Metro Bulletins Corp. v. Soboleski, 11047

Decision Date22 April 1993
Docket NumberNo. 11047,11047
Citation620 A.2d 1314,30 Conn.App. 493
CourtConnecticut Court of Appeals

Frank C. White, Jr., Middletown, for appellant (defendant).

Stephen G. Silverberg, East Hartford, for appellee (plaintiff).



The defendant appeals from a judgment, rendered after a court trial, awarding $9400 to the plaintiff. The defendant claims that the trial court (1) improperly denied his motion for a stay, (2) improperly construed the Connecticut Certificate of Trade Name statute, and (3) should have found that the defendant gave the plaintiff actual notice of the defendant's agency status. We reverse the judgment of the trial court.

The following facts are necessary to resolve this appeal. On April 22, 1989, the plaintiff entered into a written contract whereby it agreed to provide billboard advertising services to a business known as Prime Pontiac for a six month period. The name "Prime Pontiac" was written on the contract on the line reserved for the name of the contracting firm. Below that line, the defendant, Louis Soboleski, president of Prime Pontiac, signed his name on behalf of Prime Pontiac. Immediately following his signature, in the area reserved for the signer's title, the defendant wrote, in an illegible script, what appears to be a word beginning with the letter P.

At the time of contracting, Bridgeside Pontiac, Inc. (Bridgeside), was a Connecticut corporation in good standing and was doing business as Prime Pontiac. In compliance with General Statutes § 35-1, 1 Bridgeside's status had been disclosed in a certificate of trade name, executed and filed in the Middletown town clerk's office by the defendant in his capacity as president of Bridgeside.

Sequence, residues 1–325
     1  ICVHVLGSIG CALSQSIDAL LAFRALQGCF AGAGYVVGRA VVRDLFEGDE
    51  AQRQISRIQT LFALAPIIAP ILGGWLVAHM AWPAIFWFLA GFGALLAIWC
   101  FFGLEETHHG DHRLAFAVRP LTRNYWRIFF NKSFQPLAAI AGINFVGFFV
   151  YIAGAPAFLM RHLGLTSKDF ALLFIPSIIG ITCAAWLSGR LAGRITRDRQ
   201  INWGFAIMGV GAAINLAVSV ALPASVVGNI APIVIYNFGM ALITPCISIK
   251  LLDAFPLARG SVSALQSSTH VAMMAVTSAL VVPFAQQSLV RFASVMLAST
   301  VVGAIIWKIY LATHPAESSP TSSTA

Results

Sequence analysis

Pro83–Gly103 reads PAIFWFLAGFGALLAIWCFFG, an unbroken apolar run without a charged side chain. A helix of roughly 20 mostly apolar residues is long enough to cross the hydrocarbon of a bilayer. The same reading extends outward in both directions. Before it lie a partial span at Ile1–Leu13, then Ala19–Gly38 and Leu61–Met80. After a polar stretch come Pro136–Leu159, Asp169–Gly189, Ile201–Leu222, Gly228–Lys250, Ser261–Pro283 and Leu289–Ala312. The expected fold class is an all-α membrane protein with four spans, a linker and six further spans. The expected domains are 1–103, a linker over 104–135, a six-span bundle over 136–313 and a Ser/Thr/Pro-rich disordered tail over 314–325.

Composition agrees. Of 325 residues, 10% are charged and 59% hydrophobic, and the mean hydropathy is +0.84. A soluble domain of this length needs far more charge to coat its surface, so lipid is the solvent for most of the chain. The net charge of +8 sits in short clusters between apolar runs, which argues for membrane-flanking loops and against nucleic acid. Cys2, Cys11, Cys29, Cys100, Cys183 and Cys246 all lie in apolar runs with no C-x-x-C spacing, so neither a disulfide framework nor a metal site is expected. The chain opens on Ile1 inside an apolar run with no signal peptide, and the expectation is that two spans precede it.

On January 23, 1991, the plaintiff commenced this action for the unpaid balance owed on the contract. The complaint named the defendant as "Louis Soboleski doing business as Prime Pontiac." On January 31, 1991, Bridgeside filed a Chapter 11 bankruptcy petition listing the plaintiff as an unsecured creditor. Approximately one week later, the defendant filed a notice, in the present case, of Bridgeside's bankruptcy filing. The defendant pleaded as a special defense, that Bridgeside doing business as Prime Pontiac was the proper defendant in the action and that Bridgeside had filed for bankruptcy.

On August 20, 1991, the defendant filed a motion to stay the proceedings due to Bridgeside's Chapter 11 bankruptcy. The motion requested the court to "acknowledge and enforce the automatic stay...." The trial court denied the motion and referred the case to a fact finder who recommended judgment for the plaintiff for $9400. The trial court rendered judgment in accordance with the fact finder's report and recommendations. The defendant appealed.